English teachers are pleased to report that the mock exams sat by students in February were a success. A clear majority of students sitting English Language and Literature achieved a Level 6 or 7. More pleasing, though, is that every student produced some passages of very high quality in their writing. Marks were lost where essays failed to be consistently detailed or missed out a key element for assessment, such as context or analysis of literary features for one of the texts, rather than lost for a general lack of sophistication required for a higher band.
The message is clear: you can do it! Revise your notes and practise timed sample questions until you can write an essay where every paragraph matches or betters the quality of your strongest passages from the mock. On another positive point, we were struck by the variety of personal responses we saw to set texts in both classes. In addition to taking personal responsibility for working hard and thoughtfully, get help from your classmates, ask each other questions, study together, share ideas and approaches, push each other. The most valuable resource is…
IB Internal Assessments
The Individual Oral Commentary is an important aspect of the IB Language and Literature course which allows students to demonstrate their speaking skills in a formal context. For ten minutes, students are recorded as they deliver a literary analysis exploring a particular extract’s formal elements and meaning. They must demonstrate:
- knowledge and understanding of the text;
- understanding of the use and effects of literary features;
- effective and coherent organization;
- effective use of vocabulary, tone, sentence structure and literary terminology.
The commentary is worth 15% of the student’s overall IB English grade and is assessed by the classroom teacher and again by an external IB examiner.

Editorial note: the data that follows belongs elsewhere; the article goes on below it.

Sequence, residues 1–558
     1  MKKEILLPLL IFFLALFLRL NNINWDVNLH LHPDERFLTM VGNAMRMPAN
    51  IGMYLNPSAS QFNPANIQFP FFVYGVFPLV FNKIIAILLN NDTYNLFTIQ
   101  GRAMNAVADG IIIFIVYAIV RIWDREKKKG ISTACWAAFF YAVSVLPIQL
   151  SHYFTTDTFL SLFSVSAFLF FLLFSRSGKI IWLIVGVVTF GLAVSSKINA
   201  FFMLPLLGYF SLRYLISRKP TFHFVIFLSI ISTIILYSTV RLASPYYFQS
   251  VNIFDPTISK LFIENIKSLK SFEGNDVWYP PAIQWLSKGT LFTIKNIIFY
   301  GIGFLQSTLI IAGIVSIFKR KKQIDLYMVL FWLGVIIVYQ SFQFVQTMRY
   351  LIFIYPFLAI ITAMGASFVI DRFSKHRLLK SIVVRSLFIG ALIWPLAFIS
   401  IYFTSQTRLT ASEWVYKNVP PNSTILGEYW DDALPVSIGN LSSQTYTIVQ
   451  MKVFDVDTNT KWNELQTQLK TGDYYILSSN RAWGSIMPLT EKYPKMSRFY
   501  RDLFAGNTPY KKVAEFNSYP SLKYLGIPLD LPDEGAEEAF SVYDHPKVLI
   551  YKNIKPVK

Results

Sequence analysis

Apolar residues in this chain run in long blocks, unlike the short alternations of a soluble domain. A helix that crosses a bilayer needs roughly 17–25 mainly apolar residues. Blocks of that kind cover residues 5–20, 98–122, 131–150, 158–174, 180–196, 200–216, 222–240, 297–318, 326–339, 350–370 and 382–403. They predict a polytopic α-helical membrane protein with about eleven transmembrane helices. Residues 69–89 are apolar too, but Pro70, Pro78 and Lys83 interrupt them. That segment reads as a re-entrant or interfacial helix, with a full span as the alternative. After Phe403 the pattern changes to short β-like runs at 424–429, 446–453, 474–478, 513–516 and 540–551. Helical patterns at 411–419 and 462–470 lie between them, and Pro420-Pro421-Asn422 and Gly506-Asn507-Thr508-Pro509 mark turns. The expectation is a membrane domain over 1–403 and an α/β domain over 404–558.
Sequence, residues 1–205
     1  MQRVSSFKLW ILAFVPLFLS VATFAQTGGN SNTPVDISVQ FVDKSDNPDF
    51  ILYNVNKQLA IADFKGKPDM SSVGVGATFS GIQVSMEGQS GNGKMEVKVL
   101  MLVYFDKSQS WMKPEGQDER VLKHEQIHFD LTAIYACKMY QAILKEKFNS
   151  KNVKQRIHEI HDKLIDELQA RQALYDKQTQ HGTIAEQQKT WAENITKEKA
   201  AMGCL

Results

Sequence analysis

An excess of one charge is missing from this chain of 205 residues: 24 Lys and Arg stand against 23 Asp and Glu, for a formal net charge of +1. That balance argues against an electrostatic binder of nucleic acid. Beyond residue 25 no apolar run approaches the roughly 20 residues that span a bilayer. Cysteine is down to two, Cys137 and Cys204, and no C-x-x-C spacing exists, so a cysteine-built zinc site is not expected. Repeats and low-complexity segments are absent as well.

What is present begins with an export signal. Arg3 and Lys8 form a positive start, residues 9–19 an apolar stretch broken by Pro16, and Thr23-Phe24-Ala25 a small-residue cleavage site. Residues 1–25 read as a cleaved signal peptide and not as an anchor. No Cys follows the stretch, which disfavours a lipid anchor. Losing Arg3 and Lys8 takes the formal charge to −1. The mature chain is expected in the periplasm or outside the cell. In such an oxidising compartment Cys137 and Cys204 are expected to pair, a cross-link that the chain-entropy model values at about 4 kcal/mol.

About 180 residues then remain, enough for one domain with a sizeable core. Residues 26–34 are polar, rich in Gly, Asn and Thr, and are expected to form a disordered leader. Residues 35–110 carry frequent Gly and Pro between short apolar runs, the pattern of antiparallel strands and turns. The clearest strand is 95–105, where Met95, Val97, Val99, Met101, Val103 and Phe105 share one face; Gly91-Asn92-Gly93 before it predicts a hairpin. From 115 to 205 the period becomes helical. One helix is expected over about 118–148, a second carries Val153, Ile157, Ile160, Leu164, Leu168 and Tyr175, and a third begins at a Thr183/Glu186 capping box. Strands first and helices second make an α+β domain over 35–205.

Currently, our Year 12 Higher Level students are preparing for this assessment which will be conducted in June 2014. The works we are studying closely are Julius Caesar (William Shakespeare), I Know Why the Caged Bird Sings (Maya Angelou), and a selection of war poetry by Wilfred Owen and Siegfried Sassoon. These selections meet IB’s requirement of works from different continents and time periods as well as being of different genres.
An Individual Oral Commentary from Hanne Arts based on Anthem for Doomed Youth by Wilfred Owen:
‘Wilfred Owen's Anthem for Doomed Youth is a commemorative poem of Owen's time as an English soldier during World War I. It shows the differences between the glorified expectations of the fighting versus the harsh realities of war. The poem employs numerous literary devices which include visual imagery, personification, and symbolism, which result in the poem coming alive for the reader.
In the first stanza, the poet uses auditory imagery. In line 7, in which shells are described as "shrill, demented choirs", the reader hears the actual danger flying overhead. It heightens the tension and brings us to the battlefield where the normally positive sounds of a ‘choir’ are turned into painful and horrible sounds. A similar effect is created in line 3 with the alliteration of "r" when describing "the stuttering rifles rapid rattle" as we hear the shooting of guns. The guns are personified and possess a "monstrous anger" which brings the scene alive by showing that even the inanimate objects were angry as a result of the war.